Freelance Photography Jobs and Where to Find Them


Posted 1 year ago in Small Business Tips
by Taylor Larsen

If you love taking pictures, setting your own schedule, working where you want, and doing what you want, then we have the career for you: freelance photography.

But where to start? Keep your profile and parts portfolio in as many places as possible. Having too much work is better than not having enough. And there are plenty of websites out there to help freelance photographers like you stay in business.

Here at ZipBooks we want to help small businesses like yours. So, here’s a short list of sites that are looking for photography like yours:

Freelance Photography Jobs

Journalism Jobs: Since most of the jobs are related to traditional journalism (writing, reporting, editing, etc.), search for jobs related to photojournalism. Users can save the jobs that really interest them while they craft the perfect pitch.

Upwork: An old stalwart with new(ish) branding. Upwork is the lovechild of Elance and Odesk and is a great spot for freelance photographers. Land the golden client and make some money.

Flexjobs: A site dedicated to telecommuters. Use it to find the right freelance photography job anywhere in North America.

People Per Hour: Connects talented freelancers with those looking for some good photography. Sounds like a win-win.

Get Photography Jobs: Use this website to find photography jobs specific to each state. Great for the freelancer that isn’t interested in being stationary.

Freelancer: Find the perfect client by browsing available projects and jobs. Sign up and make it happen.

Thumbtack: Helps put local professionals in touch with potential customers.

LinkedIn: LinkedIn may consider themselves part of social media, but that isn’t their only value. Use the site to find potential freelance photo opportunities.

Reddit: The PhotographyJobs subreddit is a solid spot to check in regularly, especially if you are already active on Reddit.

Craigslist: It may not be quite the bustling job center that it once was, but photographers can still use it to search for local freelance jobs.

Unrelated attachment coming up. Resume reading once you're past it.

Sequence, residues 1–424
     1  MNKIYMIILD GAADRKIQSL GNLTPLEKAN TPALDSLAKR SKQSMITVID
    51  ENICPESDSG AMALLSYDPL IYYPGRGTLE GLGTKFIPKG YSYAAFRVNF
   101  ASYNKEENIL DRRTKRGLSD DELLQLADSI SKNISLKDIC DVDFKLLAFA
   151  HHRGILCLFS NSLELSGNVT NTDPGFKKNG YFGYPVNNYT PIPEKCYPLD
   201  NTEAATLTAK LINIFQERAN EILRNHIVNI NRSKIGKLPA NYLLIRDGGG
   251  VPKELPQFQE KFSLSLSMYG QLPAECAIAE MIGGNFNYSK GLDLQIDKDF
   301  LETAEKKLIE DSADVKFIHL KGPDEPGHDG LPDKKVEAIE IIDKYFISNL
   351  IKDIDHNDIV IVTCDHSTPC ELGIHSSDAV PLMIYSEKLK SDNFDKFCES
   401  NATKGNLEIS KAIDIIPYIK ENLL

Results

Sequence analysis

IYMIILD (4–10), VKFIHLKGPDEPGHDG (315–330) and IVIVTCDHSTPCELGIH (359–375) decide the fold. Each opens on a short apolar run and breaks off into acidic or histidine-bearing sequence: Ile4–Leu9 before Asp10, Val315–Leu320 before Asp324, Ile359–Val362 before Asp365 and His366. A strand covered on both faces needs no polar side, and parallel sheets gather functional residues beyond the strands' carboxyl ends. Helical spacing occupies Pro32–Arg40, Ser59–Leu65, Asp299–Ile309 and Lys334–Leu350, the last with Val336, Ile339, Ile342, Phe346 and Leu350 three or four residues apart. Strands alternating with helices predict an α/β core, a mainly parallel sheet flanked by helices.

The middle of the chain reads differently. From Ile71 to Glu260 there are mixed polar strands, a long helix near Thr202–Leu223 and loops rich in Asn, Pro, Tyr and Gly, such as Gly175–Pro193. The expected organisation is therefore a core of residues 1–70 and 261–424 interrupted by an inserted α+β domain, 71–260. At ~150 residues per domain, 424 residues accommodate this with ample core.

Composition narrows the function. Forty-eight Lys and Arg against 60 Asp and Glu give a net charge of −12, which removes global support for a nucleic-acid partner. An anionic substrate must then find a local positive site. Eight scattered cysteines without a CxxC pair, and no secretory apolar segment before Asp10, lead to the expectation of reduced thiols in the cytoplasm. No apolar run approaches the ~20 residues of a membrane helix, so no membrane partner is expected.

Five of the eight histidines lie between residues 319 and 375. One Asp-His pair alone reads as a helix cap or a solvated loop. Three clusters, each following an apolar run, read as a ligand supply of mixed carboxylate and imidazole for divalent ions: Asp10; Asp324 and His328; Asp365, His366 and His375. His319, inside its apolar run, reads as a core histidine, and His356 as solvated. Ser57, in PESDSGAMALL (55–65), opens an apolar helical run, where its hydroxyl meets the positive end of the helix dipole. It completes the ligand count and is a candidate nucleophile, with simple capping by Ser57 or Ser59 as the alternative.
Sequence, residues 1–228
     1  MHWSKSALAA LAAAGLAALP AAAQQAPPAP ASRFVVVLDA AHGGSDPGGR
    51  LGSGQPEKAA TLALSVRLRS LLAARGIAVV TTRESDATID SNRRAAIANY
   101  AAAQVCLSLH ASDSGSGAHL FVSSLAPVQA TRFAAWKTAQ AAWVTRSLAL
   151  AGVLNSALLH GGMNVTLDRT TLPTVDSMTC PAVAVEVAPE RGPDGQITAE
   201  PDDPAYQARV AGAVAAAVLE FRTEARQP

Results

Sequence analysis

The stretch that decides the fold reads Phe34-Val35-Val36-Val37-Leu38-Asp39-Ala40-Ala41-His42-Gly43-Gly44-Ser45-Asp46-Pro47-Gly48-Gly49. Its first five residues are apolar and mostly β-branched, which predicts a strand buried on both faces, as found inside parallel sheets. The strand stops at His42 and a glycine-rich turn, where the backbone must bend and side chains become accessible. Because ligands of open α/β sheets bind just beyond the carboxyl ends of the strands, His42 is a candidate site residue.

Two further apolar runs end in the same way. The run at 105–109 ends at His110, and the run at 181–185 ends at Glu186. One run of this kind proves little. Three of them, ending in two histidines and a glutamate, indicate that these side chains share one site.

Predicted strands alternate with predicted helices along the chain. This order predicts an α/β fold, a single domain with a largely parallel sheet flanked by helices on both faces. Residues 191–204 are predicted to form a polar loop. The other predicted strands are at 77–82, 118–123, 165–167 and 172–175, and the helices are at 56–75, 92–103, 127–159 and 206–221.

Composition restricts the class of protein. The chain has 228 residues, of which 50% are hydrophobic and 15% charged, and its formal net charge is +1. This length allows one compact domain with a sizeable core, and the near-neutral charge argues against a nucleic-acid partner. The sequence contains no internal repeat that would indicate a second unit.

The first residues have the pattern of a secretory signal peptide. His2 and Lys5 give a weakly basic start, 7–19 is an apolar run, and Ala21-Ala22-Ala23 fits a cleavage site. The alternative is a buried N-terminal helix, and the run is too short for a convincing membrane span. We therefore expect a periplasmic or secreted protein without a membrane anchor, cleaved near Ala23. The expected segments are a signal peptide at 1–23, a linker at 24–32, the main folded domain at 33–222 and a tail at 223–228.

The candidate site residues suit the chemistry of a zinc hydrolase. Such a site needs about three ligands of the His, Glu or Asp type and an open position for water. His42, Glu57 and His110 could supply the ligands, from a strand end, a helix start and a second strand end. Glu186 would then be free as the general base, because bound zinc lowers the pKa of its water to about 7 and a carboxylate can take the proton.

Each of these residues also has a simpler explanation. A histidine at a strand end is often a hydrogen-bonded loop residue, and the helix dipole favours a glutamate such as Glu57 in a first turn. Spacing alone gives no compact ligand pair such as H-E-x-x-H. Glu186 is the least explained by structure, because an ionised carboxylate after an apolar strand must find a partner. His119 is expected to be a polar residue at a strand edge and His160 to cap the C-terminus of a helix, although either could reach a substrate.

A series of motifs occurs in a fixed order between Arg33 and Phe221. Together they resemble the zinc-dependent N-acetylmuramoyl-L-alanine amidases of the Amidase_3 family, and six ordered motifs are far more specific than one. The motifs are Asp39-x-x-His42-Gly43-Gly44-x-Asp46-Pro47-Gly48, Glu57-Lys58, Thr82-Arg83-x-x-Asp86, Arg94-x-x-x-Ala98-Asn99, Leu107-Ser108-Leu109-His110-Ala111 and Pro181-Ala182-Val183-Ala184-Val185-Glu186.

Change of Pace

For those that truly want to make money shooting what they want, try selling your work to a few of these websites that specialize in high-end stock photography.

ShutterStock: They’ve paid over $500 million total to their contributors. Get in on that money.

123RF: Another big player in the stock photo game is looking for contributors. Earn up to 60 percent of commissions when users buy your shots.

BIGSTOCK: They’re partnered with ShutterStock and are looking for good photographers. Users can keep the copyrights to their photos.

Paid Pictures: Simply submit seven pictures for review and get ready to make some money if approved for more shots.

FOAP: Sure, the name is weird, but the concept is solid. Sell pictures straight from your phone. Download the app and get ready to shoot some great pictures.

Fotolia and Adobe Stock: Sell your pictures to the world’s largest creative community. Simply create an Adobe ID and get going.

Niche Photography

There are plenty of industries that need specific pictures, or have a clientele looking for specific pictures. Here is a short list of places to check:

Online Profile Pros: Submit your application here to give you access to a huge network of people looking for stellar profile pictures for their dating profiles and such.

Magic Memories: They may not have the most glamorous jobs, but for people looking to break into photography, this could be a good first step.

Obeo: Join up with Obeo to shoot photos for virtual tours of real estate. Use that experience to show your versatility.

Traditional Job Search

Users can also scour the giant lists of available jobs at employment aggregators. Here are a few of the more popular options for freelance photographers:

Be Your Own Salesperson

Show off your skills. Use social media and other websites to effectively showcase your talent to an ever-increasing audience.

Create a website that displays your talents and portfolio. Use that as a starting point to branch out to marketing yourself via social media and more traditional freelance channels.

Facebook: Using social media is a great way to get some traction in the freelance market. Create a Facebook page for your photography, include your contact and website information, and update your portfolio often.

Twitter: Twitter is a great place to gain work by interacting directly with your customers and other businesses that are making creative decisions. Twitter gives users the chance to network and put their product on a seemingly open market.

Instagram: The beating heart of any social-media savvy freelance photographer. Think of it as a curated dating profile to spark businesses’ interest without a need to commit right away.

Now that you have the tools and resources needed to make the leap into freelance photography, get your name out there and get some contracts.

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